Abstract 11344: Impaired SIRT1 Nucleocytoplasmic Shuttling in the Senescent Heart during Ischemic Stress
Background- A decreased ability to tolerate ischemic stress with aging is observed in both animal models and humans. A ‘longevity’ gene, sirtuin 1 (SIRT1), has been reported to attenuate the age-dependent induction of left ventricular dysfunction. We hypothesize that SIRT1 is involved in intolerance of the aged heart to ischemic stress.
Methods and Results- Male C57BL/6 young (4-6 months) and aged (24-26 months) mice were used to determine SIRT1’s role in myocardial ischemia/reperfusion (I/R) tolerance. We for the first time found that SIRT1 is predominantly expressed in a sumoylated form in cardiomyocyte nuclei, and that overexpression of desumoylase, sentrin-specific protease 2(SENP2), can reduce nuclear sumoylated SIRT1 levels. Interestingly, SIRT1 protein levels in aged hearts are lower than those seen in young hearts (p<0.05). Immunoblotting and confocal fluorescence data demonstrated that I/R triggers desumoylation and translocation of nuclear SIRT1 into the cytoplasm in aged but not in young hearts. In addition, nuclear SIRT1 activity in ischemic young hearts was 3.2-fold higher than that seen in ischemic aged hearts (p<0.05), suggesting that aging causes impaired nucleocytoplasmic shuttling and activation of SIRT1 in response to ischemic stress. Wild type (WT) and Sirt1+/- knockout mice (all C57BL/6 background) were subjected to 30 min ischemia via left anterior descending (LAD) coronary artery occlusion followed by 4 hours reperfusion, the infarct size in aged and Sirt1+/- knockout hearts was markedly higher than that observed in young and Sirt1+/+ WT littermate hearts, respectively. Furthermore, the SIRT1 agonist, SRT1720, significantly reduced infarct size in both aged and Sirt1+/- hearts via activation of cardiac SIRT1.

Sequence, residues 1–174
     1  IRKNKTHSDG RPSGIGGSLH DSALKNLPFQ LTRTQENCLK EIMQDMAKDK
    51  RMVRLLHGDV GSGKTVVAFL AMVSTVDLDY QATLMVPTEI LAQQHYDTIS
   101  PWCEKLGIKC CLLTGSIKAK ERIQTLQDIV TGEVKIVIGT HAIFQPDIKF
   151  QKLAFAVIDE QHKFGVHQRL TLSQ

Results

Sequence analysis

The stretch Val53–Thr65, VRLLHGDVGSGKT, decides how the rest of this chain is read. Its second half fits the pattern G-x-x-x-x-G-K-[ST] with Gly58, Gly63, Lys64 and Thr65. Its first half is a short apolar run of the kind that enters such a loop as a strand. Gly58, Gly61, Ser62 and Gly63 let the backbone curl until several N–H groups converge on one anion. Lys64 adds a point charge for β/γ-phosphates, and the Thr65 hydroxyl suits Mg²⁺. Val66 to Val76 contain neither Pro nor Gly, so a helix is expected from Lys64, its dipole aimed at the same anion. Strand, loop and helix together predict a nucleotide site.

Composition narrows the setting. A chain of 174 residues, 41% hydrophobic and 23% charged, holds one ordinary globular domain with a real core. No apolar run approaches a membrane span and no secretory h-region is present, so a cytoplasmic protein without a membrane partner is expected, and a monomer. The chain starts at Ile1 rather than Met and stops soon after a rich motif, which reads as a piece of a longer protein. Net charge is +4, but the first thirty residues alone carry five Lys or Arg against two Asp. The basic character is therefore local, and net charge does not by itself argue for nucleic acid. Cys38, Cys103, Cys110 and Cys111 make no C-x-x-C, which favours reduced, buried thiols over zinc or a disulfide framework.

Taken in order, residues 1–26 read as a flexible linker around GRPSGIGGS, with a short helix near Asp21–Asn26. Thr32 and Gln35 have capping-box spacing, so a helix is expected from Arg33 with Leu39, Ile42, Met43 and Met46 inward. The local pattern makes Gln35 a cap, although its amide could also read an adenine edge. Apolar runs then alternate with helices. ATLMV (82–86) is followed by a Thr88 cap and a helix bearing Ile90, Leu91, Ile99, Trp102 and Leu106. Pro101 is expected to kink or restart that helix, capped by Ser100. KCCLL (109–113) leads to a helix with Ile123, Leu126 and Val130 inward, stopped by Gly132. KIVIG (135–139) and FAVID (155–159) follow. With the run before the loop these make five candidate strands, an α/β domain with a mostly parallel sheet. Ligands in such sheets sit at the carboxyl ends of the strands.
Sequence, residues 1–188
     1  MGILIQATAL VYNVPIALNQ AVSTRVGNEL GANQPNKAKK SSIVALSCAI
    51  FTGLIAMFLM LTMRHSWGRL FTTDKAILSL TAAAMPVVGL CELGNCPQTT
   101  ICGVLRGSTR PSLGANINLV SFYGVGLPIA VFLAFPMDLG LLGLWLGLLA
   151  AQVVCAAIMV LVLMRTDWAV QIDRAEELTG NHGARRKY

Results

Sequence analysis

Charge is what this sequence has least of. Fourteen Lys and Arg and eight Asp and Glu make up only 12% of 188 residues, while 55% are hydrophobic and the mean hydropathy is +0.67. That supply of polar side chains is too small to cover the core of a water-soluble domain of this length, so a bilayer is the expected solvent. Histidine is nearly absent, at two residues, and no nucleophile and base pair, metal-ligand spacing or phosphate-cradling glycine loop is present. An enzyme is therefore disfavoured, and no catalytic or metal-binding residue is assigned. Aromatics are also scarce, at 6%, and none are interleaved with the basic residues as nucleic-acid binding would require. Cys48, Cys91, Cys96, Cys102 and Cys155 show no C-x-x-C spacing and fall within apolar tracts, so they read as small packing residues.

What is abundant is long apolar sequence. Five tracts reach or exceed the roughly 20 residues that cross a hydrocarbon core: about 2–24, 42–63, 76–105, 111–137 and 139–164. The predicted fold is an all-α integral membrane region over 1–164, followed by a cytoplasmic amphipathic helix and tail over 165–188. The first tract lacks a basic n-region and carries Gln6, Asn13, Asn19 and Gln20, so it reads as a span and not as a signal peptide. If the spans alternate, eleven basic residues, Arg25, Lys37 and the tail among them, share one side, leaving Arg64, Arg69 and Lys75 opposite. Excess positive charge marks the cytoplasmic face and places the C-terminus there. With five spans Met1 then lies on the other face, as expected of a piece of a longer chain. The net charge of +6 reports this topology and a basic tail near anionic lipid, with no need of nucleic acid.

Conclusions - Impaired cardiac SIRT1 activity plays a key role in the observed increase in susceptibility of the aged heart to ischemia/reperfusion (I/R) injury. Pharmacological SIRT1 activation can restore this aging-related loss of cardioprotection against I/R injury.
- © 2012 by American Heart Association, Inc.